But by Friday, Western diplomats in New Delhi, who have been holding countless meetings and working to defuse tensions, seemed much more relaxed. Their hopeful refrain was: The worst is over.
Several diplomats said that India's Prime Minister, Mr Narendra Modi, would look like the aggressor at this point if India staged more strikes, and that Mr Imran Khan had no incentive to push things further.
Mr Khan's priority has been to revive Pakistan's listing economy, and so far he seemed to have won this case in the court of world opinion.
His forces had captured an Indian fighter pilot, the pride of India's military. And his calls for restraint and peace, even if driven by self-interest, seemed to play well around the world, even in India.
"Whatever Pakistan's role has been in the Kashmir conflict, Imran Khan, the prime minister of Pakistan, has acted with dignity and rectitude," leftist Indian author Arundhati Roy wrote in an opinion piece published in HuffPost.
As for Mr Modi, she called his actions "unforgivable", alluding to the always-present possibility of a nuclear conflict between the states.
"He has jeopardised the lives of more than a billion people and brought the war in Kashmir to the doorsteps of ordinary Indians," Ms Roy wrote.
Many Indians, though, are sticking by Mr Modi.
In recent days, several Indians said in interviews that they believed his government's claims that the initial strike on Tuesday had been a success, and that Indian forces had vanquished hundreds of dangerous terrorists. So far, India has offered no proof of that.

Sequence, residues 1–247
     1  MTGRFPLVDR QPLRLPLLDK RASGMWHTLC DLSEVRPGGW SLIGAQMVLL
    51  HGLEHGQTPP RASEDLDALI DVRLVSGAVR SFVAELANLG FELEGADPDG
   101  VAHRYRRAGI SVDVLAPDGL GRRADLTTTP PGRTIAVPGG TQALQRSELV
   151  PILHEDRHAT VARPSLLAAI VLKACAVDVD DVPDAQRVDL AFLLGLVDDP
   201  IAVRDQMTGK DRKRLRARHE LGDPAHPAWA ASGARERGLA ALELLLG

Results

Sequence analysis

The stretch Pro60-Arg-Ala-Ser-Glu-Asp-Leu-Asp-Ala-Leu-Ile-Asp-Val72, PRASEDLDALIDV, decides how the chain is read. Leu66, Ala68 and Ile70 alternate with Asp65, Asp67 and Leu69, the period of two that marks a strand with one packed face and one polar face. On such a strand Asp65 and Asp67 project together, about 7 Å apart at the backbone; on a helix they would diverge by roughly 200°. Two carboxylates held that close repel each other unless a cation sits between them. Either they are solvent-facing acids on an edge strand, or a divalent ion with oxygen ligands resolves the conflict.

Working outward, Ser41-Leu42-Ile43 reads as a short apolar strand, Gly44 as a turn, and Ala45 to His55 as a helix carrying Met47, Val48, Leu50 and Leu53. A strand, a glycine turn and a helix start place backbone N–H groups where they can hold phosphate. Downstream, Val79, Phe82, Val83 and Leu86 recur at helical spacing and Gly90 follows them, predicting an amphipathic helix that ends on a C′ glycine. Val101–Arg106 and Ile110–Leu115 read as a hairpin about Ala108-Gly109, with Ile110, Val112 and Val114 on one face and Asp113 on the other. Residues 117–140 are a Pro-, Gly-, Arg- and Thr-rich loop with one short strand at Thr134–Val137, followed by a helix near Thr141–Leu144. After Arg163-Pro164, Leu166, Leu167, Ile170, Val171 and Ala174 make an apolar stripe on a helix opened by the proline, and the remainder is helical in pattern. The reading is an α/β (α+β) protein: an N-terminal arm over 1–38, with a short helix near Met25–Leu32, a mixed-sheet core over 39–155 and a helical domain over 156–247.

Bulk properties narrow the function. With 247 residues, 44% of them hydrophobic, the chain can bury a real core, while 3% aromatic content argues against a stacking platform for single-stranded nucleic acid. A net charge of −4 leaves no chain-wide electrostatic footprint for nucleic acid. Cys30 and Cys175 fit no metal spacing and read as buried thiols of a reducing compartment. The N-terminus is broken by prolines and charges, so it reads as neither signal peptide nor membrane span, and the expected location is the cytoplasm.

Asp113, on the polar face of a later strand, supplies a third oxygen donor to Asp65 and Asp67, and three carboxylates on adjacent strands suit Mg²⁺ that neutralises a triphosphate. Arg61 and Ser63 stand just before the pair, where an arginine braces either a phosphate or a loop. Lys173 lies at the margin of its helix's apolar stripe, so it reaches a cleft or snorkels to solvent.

Instead, reports from the rural area in Pakistan where the bombs fell cast doubt on the Indian claims.
Witnesses said that the bombs fell in a mostly empty forest and that the only person hurt was a 62-year-old villager who suffered a small cut above his eye.
"What terrorists can you see here?" he asked, according to Reuters.
In Kashmir, people don't know what to believe.
Every evening, those who live along the disputed border, known as the Line of Control, cram into small, cave-like bunkers, overwhelmed by the bitter winter chill and the very real possibility of sudden death.
In the morning, they crawl out to gauge the destruction caused by the machine guns and artillery that are fired regularly during the night.
Even before this crisis, Pakistani and Indian troops constantly shelled each other across the Line of Control.